By Guest Blogger Karen Linamen Bouchard
You want to be the best parent that you can be. What if something as simple as keeping a journal could help you be a more effective parent?
I happen to be a writer, so it makes sense that I’m enamored with the power of the pen. But it’s not just me! In fact, the myriad benefits of journaling have been well documented by study after study.
Let’s take a look at a few of the perks of journaling, starting with something every parent can appreciate.
If you’re alive—and especially if you’re alive and a parent—you are intimately acquainted with stress. The good news is that the process of writing down your thoughts and feelings can reduce that stress. Researchers aren’t exactly sure of all the reasons why, but studies show that it does.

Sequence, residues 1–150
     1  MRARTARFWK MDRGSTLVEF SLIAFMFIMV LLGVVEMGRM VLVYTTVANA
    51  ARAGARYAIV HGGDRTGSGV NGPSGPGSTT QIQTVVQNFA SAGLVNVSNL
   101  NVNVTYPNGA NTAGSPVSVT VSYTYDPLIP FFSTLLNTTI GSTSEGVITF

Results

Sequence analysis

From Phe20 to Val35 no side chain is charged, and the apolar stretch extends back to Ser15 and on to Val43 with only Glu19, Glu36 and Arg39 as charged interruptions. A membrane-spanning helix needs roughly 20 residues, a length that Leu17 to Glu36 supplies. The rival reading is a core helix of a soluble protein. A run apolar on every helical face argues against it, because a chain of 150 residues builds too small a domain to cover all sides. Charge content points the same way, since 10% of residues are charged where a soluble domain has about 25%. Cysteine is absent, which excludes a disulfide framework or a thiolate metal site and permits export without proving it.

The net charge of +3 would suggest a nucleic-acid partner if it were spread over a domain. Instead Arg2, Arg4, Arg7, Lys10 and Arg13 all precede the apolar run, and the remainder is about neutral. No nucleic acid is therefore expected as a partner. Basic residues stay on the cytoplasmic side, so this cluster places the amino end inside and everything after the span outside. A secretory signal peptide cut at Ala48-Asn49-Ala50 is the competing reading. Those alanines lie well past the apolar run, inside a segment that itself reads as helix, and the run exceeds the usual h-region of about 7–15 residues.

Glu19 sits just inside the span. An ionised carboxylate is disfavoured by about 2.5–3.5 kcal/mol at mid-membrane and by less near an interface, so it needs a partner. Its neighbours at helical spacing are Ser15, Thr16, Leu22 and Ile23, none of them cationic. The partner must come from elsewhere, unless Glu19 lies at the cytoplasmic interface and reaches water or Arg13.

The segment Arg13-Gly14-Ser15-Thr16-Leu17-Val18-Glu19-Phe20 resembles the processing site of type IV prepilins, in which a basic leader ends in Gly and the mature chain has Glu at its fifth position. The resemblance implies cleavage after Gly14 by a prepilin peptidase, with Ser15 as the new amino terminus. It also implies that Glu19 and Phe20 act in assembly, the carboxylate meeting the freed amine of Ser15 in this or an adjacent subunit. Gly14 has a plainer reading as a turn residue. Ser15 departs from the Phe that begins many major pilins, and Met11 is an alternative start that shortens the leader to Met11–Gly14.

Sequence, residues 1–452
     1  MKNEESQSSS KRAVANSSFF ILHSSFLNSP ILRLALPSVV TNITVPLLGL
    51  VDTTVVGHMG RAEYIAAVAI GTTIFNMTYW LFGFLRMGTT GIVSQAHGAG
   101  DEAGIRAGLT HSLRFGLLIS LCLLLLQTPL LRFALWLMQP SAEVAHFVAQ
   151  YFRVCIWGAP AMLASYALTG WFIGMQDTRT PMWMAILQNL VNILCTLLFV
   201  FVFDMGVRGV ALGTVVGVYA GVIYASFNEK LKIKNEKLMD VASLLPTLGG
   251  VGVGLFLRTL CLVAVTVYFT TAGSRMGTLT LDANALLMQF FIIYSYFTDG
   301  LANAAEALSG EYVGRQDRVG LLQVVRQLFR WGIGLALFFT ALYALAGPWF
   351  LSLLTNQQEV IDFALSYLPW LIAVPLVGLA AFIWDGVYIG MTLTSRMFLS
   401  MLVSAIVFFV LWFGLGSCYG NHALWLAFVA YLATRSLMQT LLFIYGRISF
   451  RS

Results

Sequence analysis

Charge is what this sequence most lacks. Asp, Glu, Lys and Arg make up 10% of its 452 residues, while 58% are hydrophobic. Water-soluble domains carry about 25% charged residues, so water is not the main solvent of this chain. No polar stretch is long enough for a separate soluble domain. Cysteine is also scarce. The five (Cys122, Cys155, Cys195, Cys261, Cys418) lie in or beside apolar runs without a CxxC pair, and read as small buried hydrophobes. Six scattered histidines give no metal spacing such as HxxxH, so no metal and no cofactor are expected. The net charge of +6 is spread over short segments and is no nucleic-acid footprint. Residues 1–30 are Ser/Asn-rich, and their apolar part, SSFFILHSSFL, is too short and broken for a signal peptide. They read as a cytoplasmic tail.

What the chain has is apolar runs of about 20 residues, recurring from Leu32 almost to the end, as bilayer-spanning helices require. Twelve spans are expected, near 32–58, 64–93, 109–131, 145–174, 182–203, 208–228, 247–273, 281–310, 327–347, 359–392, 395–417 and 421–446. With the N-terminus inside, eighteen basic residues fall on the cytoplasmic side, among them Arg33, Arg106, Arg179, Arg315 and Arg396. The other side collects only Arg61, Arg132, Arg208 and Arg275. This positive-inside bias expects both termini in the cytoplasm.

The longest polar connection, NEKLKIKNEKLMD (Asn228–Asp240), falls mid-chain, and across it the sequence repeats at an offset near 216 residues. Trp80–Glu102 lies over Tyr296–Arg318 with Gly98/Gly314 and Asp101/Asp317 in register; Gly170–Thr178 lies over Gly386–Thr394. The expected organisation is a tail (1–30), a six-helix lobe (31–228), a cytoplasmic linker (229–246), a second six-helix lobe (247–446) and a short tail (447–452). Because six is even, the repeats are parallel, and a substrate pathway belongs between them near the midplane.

Perhaps it’s the process of spending quiet time reflecting, or the idea of taking all that inner turmoil and pouring it out onto the page where it feels a little farther away, or the fact that sometimes, in writing about challenges or struggles, it’s easier to make sense of everything and even stumble across an unexpected solution or two. Actually, it’s probably a combination of all that and more.
I’m not going to make the call that grumpy parents can’t be good parents, but I will say that grumpiness makes parenting a lot less enjoyable for kids and grownups alike.